Un-cuffing the shackles of culture
N. Aboud – CONTRIBUTOR
Faith is a miraculous, spiritual conception that has the power to alleviate (almost) any misgiving. Whenever I find myself frantically gasping for air I somehow find faith and suddenly, all is right with the world. The adoption of faith did not come instinctively to me and was in fact an issue of personal struggle. For years I was led to believe that my culture’s idea of faith was the only “right” faith, which meant that no tolerance existed for contemplation or the entertainment of any of my persistent doubts. The impression that the beliefs I was taught weren’t exclusively correct for everyone was never even allowed to cross my mind, and for 18 years that was the only way I saw the world, through that one lens.
I left the comfort of my home and the familiarity of my cultural bubble and came to UofT in 2013 where, for the first time, my faith was tested (and still continues to be tested on a daily basis). Like a fish out of water, my first year felt like my whole world was turned upside down. I, the moral compass, stopped being able to tell “right” from “wrong”. Concepts that I was shielded from my entire life, that according to both my faith and culture were inconceivable, were now all around me and I had no idea what to think. Never had anyone or anything truly made me consider why I did the things I was taught to do, and why I stayed away from the things I was told to stay away from; I panicked all the way into a shell of seclusion, shielding myself from anything that could make me “doubt”. That phase lasted a year. I guess it’s just more comfortable not to think; but how can anyone call themselves a believer if they just follow a set of instructions shoved down their throat by society the moment they leave the comfort of the womb?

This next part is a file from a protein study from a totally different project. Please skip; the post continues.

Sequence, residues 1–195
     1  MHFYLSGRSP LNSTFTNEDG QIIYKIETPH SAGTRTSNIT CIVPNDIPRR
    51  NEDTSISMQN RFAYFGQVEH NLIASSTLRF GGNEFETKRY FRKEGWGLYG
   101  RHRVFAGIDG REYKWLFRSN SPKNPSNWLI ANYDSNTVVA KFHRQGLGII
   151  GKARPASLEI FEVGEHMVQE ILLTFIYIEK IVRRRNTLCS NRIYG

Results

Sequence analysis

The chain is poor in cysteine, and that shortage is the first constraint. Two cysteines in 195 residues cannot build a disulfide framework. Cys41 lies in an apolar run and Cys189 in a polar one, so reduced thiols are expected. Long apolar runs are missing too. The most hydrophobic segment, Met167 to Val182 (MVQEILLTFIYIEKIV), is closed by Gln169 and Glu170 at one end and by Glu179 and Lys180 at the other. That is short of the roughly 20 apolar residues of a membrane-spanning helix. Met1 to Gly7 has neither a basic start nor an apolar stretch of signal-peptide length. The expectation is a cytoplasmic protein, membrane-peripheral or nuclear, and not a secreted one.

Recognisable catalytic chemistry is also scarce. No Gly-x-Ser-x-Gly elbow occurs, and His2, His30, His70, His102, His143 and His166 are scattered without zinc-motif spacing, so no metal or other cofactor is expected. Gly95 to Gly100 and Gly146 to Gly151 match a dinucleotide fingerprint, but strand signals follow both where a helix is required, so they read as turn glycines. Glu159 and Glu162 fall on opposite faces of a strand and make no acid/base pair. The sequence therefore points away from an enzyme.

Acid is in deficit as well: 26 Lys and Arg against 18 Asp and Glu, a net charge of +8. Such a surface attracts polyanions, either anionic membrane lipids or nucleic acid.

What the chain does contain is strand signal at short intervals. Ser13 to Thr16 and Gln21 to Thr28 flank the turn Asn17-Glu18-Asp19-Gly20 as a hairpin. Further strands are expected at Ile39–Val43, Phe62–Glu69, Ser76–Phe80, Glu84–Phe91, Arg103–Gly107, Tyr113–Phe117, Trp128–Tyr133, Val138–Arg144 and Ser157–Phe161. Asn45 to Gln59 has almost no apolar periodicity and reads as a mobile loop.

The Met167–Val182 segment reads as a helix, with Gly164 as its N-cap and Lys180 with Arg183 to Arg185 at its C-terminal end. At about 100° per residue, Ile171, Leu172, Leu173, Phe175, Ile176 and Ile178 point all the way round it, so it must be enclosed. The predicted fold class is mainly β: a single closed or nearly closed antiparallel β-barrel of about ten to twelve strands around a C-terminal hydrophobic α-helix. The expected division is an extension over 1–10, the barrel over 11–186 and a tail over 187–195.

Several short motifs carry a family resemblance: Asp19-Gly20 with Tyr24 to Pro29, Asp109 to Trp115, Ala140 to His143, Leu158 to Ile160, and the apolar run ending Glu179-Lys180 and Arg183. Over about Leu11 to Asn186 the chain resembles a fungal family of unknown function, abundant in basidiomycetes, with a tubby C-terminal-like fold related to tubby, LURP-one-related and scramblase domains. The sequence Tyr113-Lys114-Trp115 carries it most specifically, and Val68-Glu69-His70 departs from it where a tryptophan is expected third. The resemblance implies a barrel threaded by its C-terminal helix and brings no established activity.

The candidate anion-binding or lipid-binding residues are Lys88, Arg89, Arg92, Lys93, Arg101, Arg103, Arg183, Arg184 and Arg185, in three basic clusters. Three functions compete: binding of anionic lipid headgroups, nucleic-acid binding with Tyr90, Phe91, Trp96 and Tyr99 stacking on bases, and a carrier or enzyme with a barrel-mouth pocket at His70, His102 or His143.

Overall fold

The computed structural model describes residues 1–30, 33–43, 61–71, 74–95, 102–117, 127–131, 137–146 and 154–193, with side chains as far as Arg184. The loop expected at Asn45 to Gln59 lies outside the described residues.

My second year of university was spent in Europe where I became friends with a group my age, who came from a similar background. There was, however, a fundamental distinction; they were all fleeing a war. One of them was forced to start over all on his own because the war had torn his family apart. Needless to say, traumatic experiences change people; at one point, these individuals were adamant believers of a higher power, but their faith could not withstand the anguish of war. In the midst of their skepticism they would ask me questions pertaining to my beliefs that I had no answers to; I questioned my faith, I questioned my philosophies, and I started digging for the very first time.
As I allowed myself to contemplate, I realized that I was shedding the persona I was forced to display for the entirety of my existence, and there was really no turning back. I started making sense of certain practices, I stopped doing things I never intrinsically believed in, and I began truly accepting; for the very first time I could confidently say “I have found my faith.” Through questioning I realized the beauty of the faith given to me at birth, which was lost in, what I believe, centuries of false interpretations working to serve the agenda of the regimes in charge and to satisfy a cultural predisposition. I came to categorize the “one size fits all” model I was forced to adhere to as a mode of social control rather than genuine faith. I chose to continue to have faith because amidst all the doubts, I still believe in a bigger picture, one that may not always make sense when looked at from a narrow scope, but once remembered makes the world seems a whole lot better.
Here’s what I’ve learned: as obvious as it sounds, you can never truly believe in something just because you were instructed to. As members of the global society, a distinct culture, a particular religion or faith, we are subject to a colossal pressure to conform to certain expectations; this weight might possess significance in some places more than others, but it is a universal truth nonetheless. No one wants to be an outlier. When it comes to establishing one’s faith, breaking away from the flock is exceptionally difficult but essential nonetheless. For it is only when you fundamentally choose your faith can it carry you through the hardships and stumbles.